Open Bug 1475889 Opened 3 years ago Updated 2 months ago
Memory pressure events not fired on Linux
Currently memory-pressure events can be fired on Android and Windows, but never on desktop Linux as far as I can tell. Apart from the fact that they might be useful on Linux, this means there is no way to reproduce memory-pressure-related bugs on Linux under rr. Is there any interest in adding memory-pressure detection for desktop Linux? If so, how should it work? It looks like a polling approach similar to Windows in xpcom/base/AvailableMemoryTracker.cpp should be possible by reading /proc/meminfo, but I'm not sure exactly when to trigger low-memory. Perhaps checking MemAvailable? > MemAvailable %lu (since Linux 3.14) > An estimate of how much memory is available for starting new applications, without swapping. It's hard to say what the threshold should be ... wild guess, min(128MB, 1% of MemTotal)? Any non-zero threshold would let us fake /proc/meminfo results in rr to trigger memory pressure notifications.
Gabriele has been looking into memory pressure lately, and may have some opinions.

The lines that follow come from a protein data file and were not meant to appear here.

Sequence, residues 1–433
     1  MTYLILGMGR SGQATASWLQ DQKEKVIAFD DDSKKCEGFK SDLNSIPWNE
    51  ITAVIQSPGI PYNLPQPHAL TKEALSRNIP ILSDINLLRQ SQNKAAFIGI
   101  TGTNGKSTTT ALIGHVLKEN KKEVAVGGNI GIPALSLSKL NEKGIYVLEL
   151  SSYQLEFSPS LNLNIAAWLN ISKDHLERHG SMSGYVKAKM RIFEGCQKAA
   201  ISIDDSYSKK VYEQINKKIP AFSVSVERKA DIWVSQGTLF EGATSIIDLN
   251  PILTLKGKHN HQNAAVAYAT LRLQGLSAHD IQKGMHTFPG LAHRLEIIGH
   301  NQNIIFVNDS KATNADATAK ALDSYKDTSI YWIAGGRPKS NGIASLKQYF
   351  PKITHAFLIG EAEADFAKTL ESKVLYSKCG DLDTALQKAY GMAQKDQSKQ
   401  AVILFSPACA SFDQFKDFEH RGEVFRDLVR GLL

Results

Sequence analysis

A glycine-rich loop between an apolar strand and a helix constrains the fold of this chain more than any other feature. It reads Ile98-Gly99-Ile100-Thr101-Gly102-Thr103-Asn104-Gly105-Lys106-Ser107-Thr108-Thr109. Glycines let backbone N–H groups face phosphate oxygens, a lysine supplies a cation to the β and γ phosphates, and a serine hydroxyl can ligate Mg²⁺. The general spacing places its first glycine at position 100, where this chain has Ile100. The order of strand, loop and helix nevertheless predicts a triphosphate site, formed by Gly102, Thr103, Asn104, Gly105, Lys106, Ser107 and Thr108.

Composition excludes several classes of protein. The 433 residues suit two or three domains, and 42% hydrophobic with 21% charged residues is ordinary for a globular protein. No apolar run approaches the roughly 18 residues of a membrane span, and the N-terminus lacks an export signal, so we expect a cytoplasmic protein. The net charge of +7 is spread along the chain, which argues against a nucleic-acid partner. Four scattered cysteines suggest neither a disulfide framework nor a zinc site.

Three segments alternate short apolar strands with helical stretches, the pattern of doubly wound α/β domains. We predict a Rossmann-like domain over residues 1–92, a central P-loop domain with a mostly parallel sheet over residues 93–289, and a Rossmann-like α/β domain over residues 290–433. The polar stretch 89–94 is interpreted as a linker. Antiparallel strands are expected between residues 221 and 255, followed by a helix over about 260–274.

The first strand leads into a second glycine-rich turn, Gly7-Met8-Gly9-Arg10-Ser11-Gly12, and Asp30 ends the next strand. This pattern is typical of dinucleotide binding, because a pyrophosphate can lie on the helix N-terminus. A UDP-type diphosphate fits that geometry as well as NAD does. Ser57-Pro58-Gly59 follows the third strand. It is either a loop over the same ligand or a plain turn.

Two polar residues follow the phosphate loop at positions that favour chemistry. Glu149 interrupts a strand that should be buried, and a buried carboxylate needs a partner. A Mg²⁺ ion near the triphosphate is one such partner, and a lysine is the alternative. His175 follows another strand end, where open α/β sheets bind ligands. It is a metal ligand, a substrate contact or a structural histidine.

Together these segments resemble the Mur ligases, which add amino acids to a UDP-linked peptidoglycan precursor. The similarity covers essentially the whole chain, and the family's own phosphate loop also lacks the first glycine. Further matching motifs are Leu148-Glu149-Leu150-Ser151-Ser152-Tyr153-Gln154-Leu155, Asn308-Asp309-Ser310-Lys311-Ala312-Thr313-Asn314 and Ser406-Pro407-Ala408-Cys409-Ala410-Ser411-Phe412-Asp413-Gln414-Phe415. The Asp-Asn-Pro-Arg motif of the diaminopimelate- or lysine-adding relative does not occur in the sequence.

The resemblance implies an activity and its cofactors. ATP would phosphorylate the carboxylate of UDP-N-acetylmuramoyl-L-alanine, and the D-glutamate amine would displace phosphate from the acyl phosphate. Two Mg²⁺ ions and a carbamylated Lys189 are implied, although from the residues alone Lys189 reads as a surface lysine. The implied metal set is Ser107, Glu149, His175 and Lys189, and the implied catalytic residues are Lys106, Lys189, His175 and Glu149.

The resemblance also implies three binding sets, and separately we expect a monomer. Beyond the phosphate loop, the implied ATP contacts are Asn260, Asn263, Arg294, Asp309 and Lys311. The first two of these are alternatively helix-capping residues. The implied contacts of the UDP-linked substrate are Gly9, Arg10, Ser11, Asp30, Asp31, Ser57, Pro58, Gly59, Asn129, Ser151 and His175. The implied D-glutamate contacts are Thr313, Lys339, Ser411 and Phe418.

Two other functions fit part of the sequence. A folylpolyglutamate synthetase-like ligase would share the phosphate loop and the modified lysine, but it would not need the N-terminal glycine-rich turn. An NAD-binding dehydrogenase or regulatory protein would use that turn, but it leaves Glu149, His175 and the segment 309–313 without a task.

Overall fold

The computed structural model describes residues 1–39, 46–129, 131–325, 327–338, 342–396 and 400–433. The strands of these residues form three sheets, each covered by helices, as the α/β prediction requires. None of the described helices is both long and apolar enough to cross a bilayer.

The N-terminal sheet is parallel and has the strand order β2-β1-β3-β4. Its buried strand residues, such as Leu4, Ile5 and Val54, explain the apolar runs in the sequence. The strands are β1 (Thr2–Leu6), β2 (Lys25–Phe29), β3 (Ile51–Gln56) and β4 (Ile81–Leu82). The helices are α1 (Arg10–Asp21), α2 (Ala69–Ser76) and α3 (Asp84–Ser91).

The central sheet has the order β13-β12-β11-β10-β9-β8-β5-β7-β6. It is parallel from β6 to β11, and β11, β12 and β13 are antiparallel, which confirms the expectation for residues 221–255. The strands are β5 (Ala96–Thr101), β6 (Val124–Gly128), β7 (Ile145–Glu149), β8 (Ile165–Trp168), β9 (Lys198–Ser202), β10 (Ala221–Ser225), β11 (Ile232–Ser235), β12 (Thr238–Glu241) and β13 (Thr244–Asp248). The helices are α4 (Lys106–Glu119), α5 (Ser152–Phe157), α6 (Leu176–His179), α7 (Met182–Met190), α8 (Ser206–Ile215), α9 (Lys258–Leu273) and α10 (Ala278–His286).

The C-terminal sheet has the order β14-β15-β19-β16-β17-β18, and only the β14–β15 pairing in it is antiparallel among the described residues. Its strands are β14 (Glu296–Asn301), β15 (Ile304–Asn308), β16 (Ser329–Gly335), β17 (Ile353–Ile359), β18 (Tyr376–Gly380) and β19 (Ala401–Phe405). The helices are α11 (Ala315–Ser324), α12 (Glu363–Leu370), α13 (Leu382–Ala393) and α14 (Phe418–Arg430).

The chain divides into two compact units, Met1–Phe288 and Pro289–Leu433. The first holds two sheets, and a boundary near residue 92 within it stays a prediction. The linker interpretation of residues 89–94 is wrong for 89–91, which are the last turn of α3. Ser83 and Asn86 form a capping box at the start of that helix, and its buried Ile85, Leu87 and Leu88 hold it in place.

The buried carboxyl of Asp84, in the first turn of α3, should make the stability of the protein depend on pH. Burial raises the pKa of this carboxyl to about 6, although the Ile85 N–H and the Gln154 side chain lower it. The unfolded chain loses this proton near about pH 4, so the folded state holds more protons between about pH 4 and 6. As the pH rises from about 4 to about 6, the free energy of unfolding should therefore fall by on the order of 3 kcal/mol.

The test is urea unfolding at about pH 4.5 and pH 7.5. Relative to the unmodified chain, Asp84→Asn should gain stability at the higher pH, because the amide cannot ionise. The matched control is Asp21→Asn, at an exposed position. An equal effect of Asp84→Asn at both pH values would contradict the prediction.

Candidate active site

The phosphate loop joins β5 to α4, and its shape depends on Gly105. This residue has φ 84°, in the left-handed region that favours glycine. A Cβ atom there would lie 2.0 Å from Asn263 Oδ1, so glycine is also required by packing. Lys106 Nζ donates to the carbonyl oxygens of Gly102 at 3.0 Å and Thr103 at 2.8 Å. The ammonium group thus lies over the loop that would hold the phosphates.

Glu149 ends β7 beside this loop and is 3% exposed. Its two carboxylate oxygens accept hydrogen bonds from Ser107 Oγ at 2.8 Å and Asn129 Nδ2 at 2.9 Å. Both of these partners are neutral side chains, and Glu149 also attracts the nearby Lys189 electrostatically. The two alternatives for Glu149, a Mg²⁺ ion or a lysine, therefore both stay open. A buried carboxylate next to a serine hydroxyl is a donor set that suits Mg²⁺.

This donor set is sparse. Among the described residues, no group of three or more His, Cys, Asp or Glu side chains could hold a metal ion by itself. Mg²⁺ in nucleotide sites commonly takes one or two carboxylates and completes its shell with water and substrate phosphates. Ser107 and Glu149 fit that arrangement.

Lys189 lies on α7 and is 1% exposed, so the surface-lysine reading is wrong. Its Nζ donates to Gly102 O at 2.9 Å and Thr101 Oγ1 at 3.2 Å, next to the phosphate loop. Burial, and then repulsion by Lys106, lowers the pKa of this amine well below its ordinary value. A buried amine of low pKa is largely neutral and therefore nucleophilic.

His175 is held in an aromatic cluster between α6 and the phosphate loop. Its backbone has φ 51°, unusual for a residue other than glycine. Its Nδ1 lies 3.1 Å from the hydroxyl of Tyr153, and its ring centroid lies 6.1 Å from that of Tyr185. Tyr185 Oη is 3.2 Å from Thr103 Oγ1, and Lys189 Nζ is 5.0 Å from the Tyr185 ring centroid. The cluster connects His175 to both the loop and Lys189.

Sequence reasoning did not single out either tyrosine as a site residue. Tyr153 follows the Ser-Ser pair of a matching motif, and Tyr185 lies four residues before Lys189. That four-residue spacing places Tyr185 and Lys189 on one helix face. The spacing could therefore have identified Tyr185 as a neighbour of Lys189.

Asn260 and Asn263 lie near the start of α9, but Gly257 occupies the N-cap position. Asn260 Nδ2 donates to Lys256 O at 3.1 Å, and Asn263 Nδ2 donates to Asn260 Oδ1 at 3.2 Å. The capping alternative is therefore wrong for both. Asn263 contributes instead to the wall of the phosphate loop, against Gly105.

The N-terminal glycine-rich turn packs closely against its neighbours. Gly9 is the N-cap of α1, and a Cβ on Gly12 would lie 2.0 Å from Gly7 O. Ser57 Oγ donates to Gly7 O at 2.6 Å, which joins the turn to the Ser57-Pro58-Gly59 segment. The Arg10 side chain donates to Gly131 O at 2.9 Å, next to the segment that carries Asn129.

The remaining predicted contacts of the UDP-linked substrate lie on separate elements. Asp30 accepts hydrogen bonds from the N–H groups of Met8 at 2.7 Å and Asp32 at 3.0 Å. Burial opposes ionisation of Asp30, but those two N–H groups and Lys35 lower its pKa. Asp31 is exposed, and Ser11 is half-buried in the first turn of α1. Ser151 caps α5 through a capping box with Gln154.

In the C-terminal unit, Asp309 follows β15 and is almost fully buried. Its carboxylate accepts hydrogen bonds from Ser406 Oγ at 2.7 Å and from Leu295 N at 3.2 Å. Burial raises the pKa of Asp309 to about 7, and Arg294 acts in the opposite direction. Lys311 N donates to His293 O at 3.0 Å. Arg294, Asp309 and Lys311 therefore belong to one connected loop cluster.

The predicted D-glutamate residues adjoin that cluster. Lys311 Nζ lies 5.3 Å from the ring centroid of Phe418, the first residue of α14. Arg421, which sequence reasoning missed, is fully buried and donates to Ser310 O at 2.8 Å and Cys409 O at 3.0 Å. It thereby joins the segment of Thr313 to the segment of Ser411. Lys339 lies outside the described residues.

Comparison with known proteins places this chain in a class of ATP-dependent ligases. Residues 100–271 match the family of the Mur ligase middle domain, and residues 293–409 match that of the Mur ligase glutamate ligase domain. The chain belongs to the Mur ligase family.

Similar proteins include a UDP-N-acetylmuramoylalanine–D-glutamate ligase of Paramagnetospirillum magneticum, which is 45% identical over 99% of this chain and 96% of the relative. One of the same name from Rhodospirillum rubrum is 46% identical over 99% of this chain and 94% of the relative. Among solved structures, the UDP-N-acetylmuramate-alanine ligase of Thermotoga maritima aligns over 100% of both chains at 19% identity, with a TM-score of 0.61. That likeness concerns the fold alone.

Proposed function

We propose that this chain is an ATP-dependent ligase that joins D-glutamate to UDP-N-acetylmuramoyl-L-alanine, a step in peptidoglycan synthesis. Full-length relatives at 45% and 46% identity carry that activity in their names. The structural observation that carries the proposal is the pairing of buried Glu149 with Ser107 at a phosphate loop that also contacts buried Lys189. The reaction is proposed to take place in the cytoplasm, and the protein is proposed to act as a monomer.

Yeah, memory-pressure events and memory tracking has never been implemented in Linux. The new polling method introduced in bug 1451005 could be used on Linux too but there's a few gotchas to take into account: opening/reading /proc/meminfo would be blocking so doing so on the main thread is not a good idea. I don't if it's possible to call an nsITimer callback on a background thread but if it is then it would be preferable (for Windows too obviously). Another issue is deciding what to measure and what would be the appropriate thresholds for sending memory-pressure events. Right now we don't have much data regarding Linux/Mac OOM crashes. It might be worth adding annotations like we have on Windows  and populate them with the information in /proc/meminfo. This should probably include swap information since it's not accounted for in MemAvailable. https://searchfox.org/mozilla-central/rev/b0275bc977ad7fda615ef34b822bba938f2b16fd/toolkit/crashreporter/nsExceptionHandler.cpp#733
> opening/reading /proc/meminfo would be blocking so doing so on the main thread is not a good idea I suspect it's not really a problem. Reads from /proc are handled directly by the kernel and don't actually do any I/O.
Assignee: nobody → kwright
Fission Milestone: --- → M8
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